What To Expect From Your High School Guidance Counselor

When I was in high school, I noticed that some of my classmates spent more time in their guidance counselor’s office then in the classroom, and some didn’t even know their counselor’s names.

This confused me, being a student in that middle ground, because I didn’t know which extreme was correct. Was I supposed to be asking my counselor more questions than I was, or would asking questions make me an unprepared senior?

It wasn’t until I got to college that I realized what I could’ve done on my own, and what I should’ve asked for help with.

Here’s what I learned:

Don’t be broad: It’s important that your guidance counselor really knows you. I don’t mean just your name and your grades, but I mean really knows you – who you are, what you like, what you’re good at, etc. I made the mistake of being too broad with my counselor. I never really told her my problems, fears about college, or expectations. The consequence is that she had little advice to give me about what colleges to look at or suggestions on what major to have.

Ask about independent studiesWho knew that independent studies existed in high school? I didn’t. Independent studies are kind of like college internships. If you’re really into writing, art, or music, you can arrange an independent study in an area to count as a class. It’s a great thing to put on your college application, and it could be something enjoyable to replace those pointless senior study halls.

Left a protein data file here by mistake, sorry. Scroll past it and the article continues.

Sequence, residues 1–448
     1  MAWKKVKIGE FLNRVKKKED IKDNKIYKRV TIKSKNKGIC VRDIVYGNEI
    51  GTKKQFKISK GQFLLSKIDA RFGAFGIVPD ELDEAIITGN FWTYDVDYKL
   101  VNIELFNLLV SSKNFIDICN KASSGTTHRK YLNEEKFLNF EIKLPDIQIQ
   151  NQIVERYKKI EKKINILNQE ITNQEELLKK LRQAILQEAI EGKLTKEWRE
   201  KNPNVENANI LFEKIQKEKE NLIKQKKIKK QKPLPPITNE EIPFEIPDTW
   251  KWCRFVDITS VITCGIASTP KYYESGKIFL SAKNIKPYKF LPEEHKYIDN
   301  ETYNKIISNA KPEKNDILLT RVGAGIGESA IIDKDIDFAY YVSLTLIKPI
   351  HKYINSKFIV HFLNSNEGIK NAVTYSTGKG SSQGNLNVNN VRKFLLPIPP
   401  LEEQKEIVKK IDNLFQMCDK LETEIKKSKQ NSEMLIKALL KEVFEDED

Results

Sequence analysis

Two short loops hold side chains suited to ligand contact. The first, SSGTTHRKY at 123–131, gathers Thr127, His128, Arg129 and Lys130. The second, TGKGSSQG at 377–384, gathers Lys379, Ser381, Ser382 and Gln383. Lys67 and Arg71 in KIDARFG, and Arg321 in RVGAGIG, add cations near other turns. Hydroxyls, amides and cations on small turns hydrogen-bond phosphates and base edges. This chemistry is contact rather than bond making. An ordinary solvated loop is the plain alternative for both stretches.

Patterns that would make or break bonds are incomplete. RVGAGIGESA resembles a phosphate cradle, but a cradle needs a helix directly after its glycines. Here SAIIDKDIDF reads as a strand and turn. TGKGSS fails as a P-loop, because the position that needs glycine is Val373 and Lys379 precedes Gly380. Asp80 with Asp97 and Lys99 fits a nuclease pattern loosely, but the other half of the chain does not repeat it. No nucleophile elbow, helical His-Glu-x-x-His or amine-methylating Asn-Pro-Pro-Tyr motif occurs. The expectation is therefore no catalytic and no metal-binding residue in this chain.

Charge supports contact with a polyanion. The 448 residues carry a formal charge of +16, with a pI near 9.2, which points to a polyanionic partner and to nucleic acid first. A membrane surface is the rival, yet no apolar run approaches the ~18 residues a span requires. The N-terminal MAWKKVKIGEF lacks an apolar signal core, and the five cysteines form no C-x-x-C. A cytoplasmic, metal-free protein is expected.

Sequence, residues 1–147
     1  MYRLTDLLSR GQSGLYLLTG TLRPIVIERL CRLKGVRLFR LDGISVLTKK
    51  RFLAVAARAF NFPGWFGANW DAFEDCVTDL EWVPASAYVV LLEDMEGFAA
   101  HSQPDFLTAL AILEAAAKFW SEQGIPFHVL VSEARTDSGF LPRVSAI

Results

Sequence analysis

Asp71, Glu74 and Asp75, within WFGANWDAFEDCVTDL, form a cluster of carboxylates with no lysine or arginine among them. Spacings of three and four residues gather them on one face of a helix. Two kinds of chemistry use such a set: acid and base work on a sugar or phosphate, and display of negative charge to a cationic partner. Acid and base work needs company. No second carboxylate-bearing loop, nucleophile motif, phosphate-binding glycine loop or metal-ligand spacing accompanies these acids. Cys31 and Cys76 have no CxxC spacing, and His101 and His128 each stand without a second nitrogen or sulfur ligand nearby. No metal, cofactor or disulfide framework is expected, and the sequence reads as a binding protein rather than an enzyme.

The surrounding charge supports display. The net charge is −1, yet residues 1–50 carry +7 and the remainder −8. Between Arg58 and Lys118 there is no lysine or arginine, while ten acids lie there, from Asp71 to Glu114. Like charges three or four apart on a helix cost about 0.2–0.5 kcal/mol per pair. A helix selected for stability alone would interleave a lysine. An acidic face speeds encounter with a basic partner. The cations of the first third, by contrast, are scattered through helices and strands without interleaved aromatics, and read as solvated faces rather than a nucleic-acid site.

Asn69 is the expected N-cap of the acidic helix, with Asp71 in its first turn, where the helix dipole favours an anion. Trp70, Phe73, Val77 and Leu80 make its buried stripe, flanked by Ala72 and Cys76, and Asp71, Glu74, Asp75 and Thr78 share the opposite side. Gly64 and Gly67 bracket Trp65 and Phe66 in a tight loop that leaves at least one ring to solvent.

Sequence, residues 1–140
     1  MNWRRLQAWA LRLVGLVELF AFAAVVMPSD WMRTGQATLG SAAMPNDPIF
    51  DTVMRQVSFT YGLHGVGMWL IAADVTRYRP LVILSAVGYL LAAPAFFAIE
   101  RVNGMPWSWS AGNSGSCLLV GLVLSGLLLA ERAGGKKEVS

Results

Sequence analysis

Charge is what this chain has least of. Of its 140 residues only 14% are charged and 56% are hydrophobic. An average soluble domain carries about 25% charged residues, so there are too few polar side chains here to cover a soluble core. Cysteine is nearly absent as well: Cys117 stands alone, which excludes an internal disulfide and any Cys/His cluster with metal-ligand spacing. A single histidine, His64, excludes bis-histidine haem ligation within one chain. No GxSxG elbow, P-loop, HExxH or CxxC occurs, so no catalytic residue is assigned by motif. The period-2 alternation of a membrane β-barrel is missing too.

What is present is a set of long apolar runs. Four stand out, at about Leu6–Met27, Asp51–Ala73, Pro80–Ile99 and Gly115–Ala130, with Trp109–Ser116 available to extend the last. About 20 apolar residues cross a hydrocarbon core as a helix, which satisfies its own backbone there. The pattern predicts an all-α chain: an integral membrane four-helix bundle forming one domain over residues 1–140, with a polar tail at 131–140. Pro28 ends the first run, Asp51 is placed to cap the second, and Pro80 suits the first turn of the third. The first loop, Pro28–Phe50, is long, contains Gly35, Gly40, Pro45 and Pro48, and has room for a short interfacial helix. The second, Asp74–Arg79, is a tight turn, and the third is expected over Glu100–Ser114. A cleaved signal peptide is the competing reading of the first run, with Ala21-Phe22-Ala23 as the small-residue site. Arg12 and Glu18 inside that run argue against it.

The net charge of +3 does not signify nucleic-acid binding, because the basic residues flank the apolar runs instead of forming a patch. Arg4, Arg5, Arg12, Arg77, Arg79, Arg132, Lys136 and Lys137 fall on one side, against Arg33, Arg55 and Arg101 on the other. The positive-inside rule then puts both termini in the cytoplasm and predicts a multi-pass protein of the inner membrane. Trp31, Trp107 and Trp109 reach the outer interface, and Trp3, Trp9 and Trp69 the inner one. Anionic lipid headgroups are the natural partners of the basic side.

Talk about money: In high school, you don’t quite have a grasp on how expensive college really is. When I was looking at colleges, I knew that I would be paying my tuition on my own, yet I still was naive and thought…I’ll just get a loan. It’s important to really discuss your money situation with your guidance counselor so they can give you options like scholarships, financial aid, community college, or state universities.

Don’t be attached to a stigma: In my high school, students were either a part of the “smart kid,” group or the “struggling” one. I had friends in both categories and from their stories, counselors either left them on their own thinking that they can handle it, or just tried to get them into any college. Make sure that your counselor knows all your criteria for college, gives you suggestions and goes through specific colleges step by step.

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Lisa Manente

Lisa Manente

Lisa Manente is a senior at Sacred Heart University in Fairfield, CT. She will be graduating with the BA in Media Studies and Communications in May. Editing the Entertainment section for her university’s newspaper and magazine has fueled her passion for entertainment journalism, which is the career path she plans to explore. In her free time she enjoys reading, traveling, listening to music, and catching up on celebrity gossip.